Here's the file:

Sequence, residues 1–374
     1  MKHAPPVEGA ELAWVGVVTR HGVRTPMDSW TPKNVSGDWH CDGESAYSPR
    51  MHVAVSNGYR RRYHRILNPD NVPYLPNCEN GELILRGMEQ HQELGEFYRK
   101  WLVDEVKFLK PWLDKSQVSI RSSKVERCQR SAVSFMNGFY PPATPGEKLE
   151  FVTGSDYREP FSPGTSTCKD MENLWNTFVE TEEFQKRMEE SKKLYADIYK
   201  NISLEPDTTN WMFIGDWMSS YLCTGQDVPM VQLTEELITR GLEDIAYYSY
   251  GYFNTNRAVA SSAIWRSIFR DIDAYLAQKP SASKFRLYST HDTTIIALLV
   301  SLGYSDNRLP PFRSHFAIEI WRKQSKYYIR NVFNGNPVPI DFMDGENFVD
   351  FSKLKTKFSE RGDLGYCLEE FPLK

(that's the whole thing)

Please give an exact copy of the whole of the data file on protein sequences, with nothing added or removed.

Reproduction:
Sequence, residues 1–374
     1  MKHAPPVEGA ELAWVGVVTR HGVRTPMDSW TPKNVSGDWH CDGESAYSPR
    51  MHVAVSNGYR RRYHRILNPD NVPYLPNCEN GELILRGMEQ HQELGEFYRK
   101  WLVDEVKFLK PWLDKSQVSI RSSKVERCQR SAVSFMNGFY PPATPGEKLE
   151  FVTGSDYREP FSPGTSTCKD MENLWNTFVE TEEFQKRMEE SKKLYADIYK
   201  NISLEPDTTN WMFIGDWMSS YLCTGQDVPM VQLTEELITR GLEDIAYYSY
   251  GYFNTNRAVA SSAIWRSIFR DIDAYLAQKP SASKFRLYST HDTTIIALLV
   301  SLGYSDNRLP PFRSHFAIEI WRKQSKYYIR NVFNGNPVPI DFMDGENFVD
   351  FSKLKTKFSE RGDLGYCLEE FPLK